What is ailing Free Software in Kerala and how it can be fixed

Kerala is one of the few success stories in the adoption of Free Software in the world. The state of Kerala has adopted Free Software at the school level since 2007. For those who know about Kerala, this is no surprise. Kerala is one of the most fertile and prosperous states in India with human development indices matching first world standards. The people have a strong engagement in politics, which is heavily left-leaning, and it is natural for the free software movement to find resonance in this culture.

As a part of its goal to strengthen the free software community and adoption, the Government of Kerala established an International Center for Free and Open Source Software (ICFOSS) in 2008. This week, I was invited to be part of the panel at the Young Professional Meet organized by ICFOSS aimed at young professionals and college students and I had a chance to catch up with a few active members of the FOSS community.

Reality and Perception

After being in the open source domain for so many years, I was always perplexed by the Kerala model. While the state was so ahead of its time in adoption of Free Software, there was little reflection of this in practice. By this I mean blogs, participation on forums, contributions to projects, new projects on GitHub (or other alternatives) and sharing of ideas. This contrast was reaffirmed during my visit to Kerala.

While the “movement” was successful in stopping (or slowing down?) proprietary software from entering the state, there definitely seemed to be something missing.

Sharing and Communicating

Communication is at the heart of building communities that thrive on free and open source software. Jordan Hubbard said in a talk he gave at the ERPNext conference, that he read and replied to thousands of emails every day. Today we have more tools than we need for sharing our thoughts and stories, and we should use all of them.

Sharing and communicating also helps other people emulate you. If you have been successful in using a particular free alternative and you share this information with others, this helps them to also use that alternative. If there were some configuration hacks that you needed to do to get something running, and you write a small post on this, this can help a lot of other people. This creates a virtuous cycle, and this is what Kerala lacks.

Once there is an engaged community, then projects are natural byproduct. We have amazing tools like today that help us share our projects and showcase them. By building tools for the rest of the community, Kerala can be a hub of free and open source software, just like Bangalore is for tech startups. It is also important for the community to connect with the global FOSS community and view this as a global movement, not just a Kerala focused one.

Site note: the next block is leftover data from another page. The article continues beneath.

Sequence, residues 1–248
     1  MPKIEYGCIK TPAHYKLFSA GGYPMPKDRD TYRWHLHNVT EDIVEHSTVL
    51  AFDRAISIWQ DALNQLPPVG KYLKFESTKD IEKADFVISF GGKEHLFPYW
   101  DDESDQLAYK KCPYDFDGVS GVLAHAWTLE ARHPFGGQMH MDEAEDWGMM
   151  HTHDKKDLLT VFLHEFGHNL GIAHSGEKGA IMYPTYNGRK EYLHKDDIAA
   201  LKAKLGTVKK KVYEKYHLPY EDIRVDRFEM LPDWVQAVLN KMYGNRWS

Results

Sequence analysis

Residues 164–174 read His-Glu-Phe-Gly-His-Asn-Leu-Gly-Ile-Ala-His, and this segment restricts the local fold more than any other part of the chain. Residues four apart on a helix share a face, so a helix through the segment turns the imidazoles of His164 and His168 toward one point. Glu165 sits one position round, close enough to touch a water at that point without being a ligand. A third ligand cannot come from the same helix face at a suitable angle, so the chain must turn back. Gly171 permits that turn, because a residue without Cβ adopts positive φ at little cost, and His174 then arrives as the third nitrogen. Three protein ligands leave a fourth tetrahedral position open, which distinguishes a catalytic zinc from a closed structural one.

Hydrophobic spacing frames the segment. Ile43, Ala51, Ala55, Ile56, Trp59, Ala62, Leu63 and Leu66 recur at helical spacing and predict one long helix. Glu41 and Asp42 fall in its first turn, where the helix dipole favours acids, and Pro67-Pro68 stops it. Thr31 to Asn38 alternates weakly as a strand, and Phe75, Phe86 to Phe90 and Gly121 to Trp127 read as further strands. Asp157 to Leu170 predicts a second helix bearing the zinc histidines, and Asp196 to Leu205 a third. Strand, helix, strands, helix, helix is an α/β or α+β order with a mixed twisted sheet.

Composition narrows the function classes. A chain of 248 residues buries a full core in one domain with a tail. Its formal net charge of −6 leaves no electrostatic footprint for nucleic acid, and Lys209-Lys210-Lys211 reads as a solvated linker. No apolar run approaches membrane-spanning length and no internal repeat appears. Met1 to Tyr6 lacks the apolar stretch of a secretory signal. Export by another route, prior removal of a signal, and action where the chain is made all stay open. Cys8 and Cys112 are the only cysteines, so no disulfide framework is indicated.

How can we fix this?

Kerala has done the hard work of creating awareness and has a supportive state in which free and open source software can flourish. There are a number of ways I can think this process can accelerated.

  1. Get everyone blogging. Get teachers, students, government officials, activists to use existing platforms like their personal blogs, Facebook, Medium etc to start writing about their FOSS Experience.
  2. Celebrate doers. Remember that doers need encouragement and nudging to share, because they are busy doing. Activists have a day job communicating, so it is important that the doers also to come to light.
  3. Pick a project or start a new one. Identify a promising project and incentivize writing of blogs, fixing issues for that project and make it a showcase for the Kerala FOSS community. The experience from this success will give confidence to the participants to branch off and start their own projects.
  4. Events, hackathons and contests. The state can start asking the community to build some of that software it needs via contests and hackathons. This is a great way to attract new developers to start contributing on FOSS projects.


The Free Software movement in Kerala seems to be undergoing a generational change. The challenge before the new generation is to build on the success of the previous generation and go where they have not been successful, that is in doing projects.

I can easily see the intent is already present and there are some great people whom I met on my trip who have the capability to make this happen. I am very much looking forward to see the FOSS movement in Kerala throw out some interesting projects.

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